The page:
It is always a pleasure to discover how well designed and printed engineering firms catalogues of the 1890-1930 period usually are. After the later date, all too often they have been produced by an advertising agency as part of a corporate publicity campaign, cheaply, to use up the dregs of the budget.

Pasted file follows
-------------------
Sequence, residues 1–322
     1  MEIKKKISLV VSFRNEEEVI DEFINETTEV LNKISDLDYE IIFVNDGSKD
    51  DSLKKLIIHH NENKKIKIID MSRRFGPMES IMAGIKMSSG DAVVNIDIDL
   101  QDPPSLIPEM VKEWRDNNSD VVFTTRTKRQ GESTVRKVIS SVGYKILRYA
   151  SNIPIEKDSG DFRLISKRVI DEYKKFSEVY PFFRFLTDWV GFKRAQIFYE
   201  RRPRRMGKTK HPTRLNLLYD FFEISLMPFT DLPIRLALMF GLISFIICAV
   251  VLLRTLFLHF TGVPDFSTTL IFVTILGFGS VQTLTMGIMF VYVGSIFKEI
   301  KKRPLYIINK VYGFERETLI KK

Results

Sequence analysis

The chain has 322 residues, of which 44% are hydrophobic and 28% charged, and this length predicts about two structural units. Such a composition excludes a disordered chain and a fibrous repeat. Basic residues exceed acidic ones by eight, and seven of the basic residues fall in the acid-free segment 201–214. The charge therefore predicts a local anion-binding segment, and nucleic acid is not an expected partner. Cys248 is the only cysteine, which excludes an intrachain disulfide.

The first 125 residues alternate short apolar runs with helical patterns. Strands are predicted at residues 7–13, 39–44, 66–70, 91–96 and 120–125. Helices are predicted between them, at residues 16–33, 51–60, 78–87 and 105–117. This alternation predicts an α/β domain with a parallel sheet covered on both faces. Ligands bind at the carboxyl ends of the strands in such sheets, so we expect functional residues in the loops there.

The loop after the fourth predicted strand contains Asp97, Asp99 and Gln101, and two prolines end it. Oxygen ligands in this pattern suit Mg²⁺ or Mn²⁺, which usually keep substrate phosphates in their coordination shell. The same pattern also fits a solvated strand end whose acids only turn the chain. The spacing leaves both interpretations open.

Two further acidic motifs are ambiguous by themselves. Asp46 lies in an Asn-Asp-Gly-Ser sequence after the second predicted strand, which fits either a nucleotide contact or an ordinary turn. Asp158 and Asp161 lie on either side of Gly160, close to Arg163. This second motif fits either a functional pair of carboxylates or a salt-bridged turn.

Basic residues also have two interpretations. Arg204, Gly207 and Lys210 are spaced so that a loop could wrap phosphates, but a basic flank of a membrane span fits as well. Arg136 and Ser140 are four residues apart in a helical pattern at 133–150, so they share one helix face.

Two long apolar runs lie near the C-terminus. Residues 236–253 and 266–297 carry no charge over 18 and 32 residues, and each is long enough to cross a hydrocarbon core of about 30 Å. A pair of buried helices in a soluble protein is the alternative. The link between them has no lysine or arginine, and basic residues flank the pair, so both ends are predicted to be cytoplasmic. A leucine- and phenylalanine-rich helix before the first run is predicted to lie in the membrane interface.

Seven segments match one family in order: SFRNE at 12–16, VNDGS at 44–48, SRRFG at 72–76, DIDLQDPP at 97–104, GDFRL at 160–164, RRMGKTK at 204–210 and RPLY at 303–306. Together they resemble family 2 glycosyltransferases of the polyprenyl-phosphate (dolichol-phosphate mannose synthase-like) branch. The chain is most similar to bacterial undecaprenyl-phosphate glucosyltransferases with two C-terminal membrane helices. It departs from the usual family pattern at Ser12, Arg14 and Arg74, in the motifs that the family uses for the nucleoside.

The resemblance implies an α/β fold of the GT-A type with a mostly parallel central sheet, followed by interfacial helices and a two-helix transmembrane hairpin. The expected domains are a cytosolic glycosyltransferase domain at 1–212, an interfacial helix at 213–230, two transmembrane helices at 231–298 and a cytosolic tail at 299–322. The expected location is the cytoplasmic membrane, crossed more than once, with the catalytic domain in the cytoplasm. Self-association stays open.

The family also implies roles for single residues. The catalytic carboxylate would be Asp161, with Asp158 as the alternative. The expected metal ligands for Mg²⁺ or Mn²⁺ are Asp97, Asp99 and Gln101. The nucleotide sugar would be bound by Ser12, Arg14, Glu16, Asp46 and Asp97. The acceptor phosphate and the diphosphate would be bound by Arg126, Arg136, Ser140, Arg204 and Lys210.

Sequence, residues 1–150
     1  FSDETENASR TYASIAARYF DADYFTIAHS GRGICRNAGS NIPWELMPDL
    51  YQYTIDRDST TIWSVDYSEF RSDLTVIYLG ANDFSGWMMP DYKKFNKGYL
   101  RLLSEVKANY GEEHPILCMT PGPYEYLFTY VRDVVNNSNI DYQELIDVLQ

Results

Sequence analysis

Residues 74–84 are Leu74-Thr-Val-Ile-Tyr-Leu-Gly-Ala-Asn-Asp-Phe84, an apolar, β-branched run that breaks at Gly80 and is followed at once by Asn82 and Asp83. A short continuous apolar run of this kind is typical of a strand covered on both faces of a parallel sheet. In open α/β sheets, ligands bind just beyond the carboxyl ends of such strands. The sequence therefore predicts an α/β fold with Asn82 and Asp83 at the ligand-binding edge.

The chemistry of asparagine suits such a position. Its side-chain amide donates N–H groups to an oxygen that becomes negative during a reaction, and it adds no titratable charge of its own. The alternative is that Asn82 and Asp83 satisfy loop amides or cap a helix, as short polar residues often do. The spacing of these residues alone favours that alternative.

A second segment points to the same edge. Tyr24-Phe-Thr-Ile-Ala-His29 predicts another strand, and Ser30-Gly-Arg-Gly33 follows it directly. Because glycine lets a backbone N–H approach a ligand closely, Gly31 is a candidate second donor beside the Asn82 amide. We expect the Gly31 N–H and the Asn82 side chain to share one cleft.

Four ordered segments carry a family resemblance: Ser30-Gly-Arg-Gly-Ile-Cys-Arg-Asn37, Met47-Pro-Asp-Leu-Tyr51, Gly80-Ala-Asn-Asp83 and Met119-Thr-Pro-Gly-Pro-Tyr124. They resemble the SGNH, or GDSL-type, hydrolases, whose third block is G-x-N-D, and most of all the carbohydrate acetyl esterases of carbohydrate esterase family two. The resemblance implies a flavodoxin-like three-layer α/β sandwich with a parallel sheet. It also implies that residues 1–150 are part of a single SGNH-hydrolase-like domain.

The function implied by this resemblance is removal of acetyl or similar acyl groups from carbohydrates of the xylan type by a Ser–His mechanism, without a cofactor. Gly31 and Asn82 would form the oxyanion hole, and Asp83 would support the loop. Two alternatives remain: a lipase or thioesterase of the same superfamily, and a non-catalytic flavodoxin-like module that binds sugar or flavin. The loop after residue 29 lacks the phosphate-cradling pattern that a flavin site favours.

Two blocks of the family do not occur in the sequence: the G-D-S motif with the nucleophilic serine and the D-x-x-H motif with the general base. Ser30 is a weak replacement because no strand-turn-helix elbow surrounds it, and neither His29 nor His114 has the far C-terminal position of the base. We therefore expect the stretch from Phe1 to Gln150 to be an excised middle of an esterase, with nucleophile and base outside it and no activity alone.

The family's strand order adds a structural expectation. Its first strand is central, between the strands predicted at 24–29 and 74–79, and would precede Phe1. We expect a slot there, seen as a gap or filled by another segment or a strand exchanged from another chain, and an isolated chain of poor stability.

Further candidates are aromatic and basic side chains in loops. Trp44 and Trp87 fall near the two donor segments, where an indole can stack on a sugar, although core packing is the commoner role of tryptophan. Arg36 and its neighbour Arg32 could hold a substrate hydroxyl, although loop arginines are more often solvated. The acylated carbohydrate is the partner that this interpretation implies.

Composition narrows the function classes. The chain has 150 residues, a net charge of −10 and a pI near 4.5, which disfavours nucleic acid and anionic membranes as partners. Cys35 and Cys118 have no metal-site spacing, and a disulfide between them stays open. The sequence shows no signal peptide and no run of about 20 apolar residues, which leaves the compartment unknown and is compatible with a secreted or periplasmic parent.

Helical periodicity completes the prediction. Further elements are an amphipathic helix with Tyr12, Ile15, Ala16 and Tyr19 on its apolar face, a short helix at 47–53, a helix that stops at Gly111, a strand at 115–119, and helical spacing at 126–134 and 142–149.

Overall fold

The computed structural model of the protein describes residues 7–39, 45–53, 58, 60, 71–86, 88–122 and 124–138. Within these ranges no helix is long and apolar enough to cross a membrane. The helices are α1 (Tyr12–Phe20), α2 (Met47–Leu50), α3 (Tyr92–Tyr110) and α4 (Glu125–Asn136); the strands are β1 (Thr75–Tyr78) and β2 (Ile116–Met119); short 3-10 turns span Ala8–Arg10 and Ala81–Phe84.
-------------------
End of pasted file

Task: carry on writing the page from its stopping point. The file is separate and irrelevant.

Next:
The “Yorkshire” steam wagon (only one “g” – Sentinel, being of Scottish origin used the spelling “waggon”) was quite distinctive in appearance from any of its rivals. From the front, it had the appearance of a hammer with a short stubby handle standing on its head. This was due to the use of two short railway locomotive type fire tube boilers sharing a common fire box, with the chimney mounted vertically above, and individual smoke box doors at each end for cleaning purposes. The majority were chain driven, but when this catalogue was produced, cardan shaft versions were being introduced. These were faster and quieter than the chain driven ones, and all working parts were totally enclosed in ACCESSIBLE OIL TIGHT CASING reducing the requirement for daily lubrication and lubrication on the road. This is a very attractive item, featuring some unusual vehicles.